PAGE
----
Going home: everybody likes the sound of that! This month I went on a great vacation my friend and classmate, Fr. Mark Knestout. We had a wonderful time, but I was amazed at how much I thought about home.
First we went to Rome. Having spent nine years living there, I am very much at home in that beautiful, holy city. I love going back, since it feels like I know the curve of every street, fountain, and cobblestone. Familiar faces greet me in shops and restaurants, gently scolding me for my long absence. But can you guess what was on my mind? You! When I concelebrated Mass in North American College Chapel, filled to overflowing with bright and committed young men preparing for priesthood, I offered my Mass for the people of Saint Bernadette.
On the return trip, we stopped for a few days in London. I had never been there before, and we visited places I had only heard or read about. Each day was packed with fascination and fun, as we explored and enjoyed as much history, art, and culture as we could squeeze into our short time. But you know what I was thinking about? That's right, how good it would be to get home.
Our time on this earth has much in common with my recent journey. As I have with Rome, we grow fond of our own people and our own places, cherishing the intimate familiarity and belonging, along with the ease and assistance they bring. Yet while we love what is ours and comfortable, we simultaneously desire what is new and different - great, challenging, beautiful, or important - just as I did with London.
Common to us all is this seeking and striving after some place where we once were happy like never since, or where we think we will be happy like never before. It seems that whether we are at home or on an adventure, we yearn for somewhere, somebody else: more intimate, familiar, and comfortable; or greater, more beautiful, exciting, and new. It seems that we want both, even at the same time. This is our best clue that we are not truly home – even when we are in our homes. No matter how comfortable and convivial our lives, no matter how filled with goodness or even greatness, our true home is somewhere else.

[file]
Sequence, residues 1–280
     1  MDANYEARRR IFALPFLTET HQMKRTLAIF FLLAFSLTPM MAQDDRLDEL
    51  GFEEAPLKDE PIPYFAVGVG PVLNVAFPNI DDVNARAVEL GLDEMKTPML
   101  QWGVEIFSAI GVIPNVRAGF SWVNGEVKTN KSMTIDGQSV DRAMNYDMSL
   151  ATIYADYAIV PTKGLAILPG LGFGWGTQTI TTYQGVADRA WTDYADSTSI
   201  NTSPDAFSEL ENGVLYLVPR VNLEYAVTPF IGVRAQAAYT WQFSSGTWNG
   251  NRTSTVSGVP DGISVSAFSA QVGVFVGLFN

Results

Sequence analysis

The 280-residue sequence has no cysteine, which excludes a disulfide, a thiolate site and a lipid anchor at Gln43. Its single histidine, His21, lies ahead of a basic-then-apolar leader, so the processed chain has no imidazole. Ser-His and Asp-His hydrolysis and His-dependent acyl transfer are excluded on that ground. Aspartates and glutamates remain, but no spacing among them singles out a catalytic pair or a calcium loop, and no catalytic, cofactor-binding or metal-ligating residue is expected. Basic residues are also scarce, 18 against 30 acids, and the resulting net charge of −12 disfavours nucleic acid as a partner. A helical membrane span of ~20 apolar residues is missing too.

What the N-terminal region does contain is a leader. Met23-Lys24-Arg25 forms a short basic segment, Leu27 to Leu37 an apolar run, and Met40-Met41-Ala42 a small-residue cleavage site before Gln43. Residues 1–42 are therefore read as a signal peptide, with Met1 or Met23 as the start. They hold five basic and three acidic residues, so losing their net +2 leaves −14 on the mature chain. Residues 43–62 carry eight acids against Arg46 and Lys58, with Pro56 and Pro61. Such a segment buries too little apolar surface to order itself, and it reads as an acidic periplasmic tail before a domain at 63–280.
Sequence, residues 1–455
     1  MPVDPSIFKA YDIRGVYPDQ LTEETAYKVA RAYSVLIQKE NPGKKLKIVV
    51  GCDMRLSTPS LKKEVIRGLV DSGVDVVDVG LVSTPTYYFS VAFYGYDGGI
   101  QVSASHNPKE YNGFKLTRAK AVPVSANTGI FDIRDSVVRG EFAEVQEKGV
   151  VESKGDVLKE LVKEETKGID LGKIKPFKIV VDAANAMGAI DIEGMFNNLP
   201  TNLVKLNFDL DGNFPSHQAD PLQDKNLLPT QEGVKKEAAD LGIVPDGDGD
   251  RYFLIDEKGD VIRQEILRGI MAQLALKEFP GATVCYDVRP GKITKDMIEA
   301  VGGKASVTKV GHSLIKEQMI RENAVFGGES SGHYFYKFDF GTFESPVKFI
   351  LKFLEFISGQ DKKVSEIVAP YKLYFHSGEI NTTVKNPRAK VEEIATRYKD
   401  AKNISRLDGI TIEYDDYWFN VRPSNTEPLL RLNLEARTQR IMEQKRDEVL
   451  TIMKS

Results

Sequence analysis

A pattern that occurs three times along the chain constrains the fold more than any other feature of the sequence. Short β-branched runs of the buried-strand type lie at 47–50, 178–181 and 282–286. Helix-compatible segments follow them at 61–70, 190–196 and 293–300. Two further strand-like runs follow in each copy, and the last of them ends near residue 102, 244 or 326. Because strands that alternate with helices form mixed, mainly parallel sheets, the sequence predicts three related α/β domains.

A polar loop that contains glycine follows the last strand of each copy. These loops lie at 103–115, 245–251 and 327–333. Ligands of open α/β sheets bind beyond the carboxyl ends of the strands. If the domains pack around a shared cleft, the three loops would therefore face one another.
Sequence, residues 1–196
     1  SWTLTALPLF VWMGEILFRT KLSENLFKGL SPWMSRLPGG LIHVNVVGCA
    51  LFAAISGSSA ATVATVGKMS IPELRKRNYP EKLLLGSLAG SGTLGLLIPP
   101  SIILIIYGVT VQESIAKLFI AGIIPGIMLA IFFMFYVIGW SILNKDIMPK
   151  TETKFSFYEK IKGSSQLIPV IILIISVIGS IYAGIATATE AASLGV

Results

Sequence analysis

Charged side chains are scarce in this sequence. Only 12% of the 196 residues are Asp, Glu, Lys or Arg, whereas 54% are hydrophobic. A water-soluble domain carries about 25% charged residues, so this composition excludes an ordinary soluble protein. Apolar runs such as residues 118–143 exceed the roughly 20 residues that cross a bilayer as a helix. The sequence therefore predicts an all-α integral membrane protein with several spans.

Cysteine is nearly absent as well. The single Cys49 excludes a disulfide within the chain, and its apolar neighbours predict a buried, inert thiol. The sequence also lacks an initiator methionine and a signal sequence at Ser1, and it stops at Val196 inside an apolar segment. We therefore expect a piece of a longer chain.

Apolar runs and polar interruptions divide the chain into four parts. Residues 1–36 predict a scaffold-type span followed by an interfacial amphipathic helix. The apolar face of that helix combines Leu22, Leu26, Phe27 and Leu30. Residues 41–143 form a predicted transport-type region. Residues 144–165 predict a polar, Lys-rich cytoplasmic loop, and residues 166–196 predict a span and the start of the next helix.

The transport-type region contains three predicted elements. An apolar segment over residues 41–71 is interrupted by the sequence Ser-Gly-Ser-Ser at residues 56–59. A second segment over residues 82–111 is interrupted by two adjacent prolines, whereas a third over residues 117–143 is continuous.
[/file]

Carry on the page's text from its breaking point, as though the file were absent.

We just celebrated Thanksgiving, the holiday every American associates with home. The roads and trains and airports are jammed with folks making the trip to get there. It is funny how this civil holiday falls relative to our liturgical calendar; always near, and this year between, two great feasts about going home.
Christ the King is the solemnity that culminates our year; it focuses on our goal, and the One in whose reign we will find it. He, and only He, can and will establish a “place” that will fulfill every human yearning. Then, the First Sunday in Advent takes us back to the beginning, reminding us where our hearts truly desire to be. It resets our annual worship with the promise of Him who comes to take us there, like some sort of liturgical "home" button.
Jesus is our beginning and our end, the Alpha and the Omega. Whether we look back to our origins, or forward to our hope’s fulfillment, we find Him, and Him alone. These two feasts are diametric opposites: the triumphant, glorious achievement of an entire year on its final Sunday; and the quiet, hopeful preparation of the first Sunday of the new one. Yet their Scripture passages and their messages are almost identical: here He comes; get ready. The Infant King who to wants save us is also our ruler and our judge; it is He alone who comes to offer us the joy of truly going home.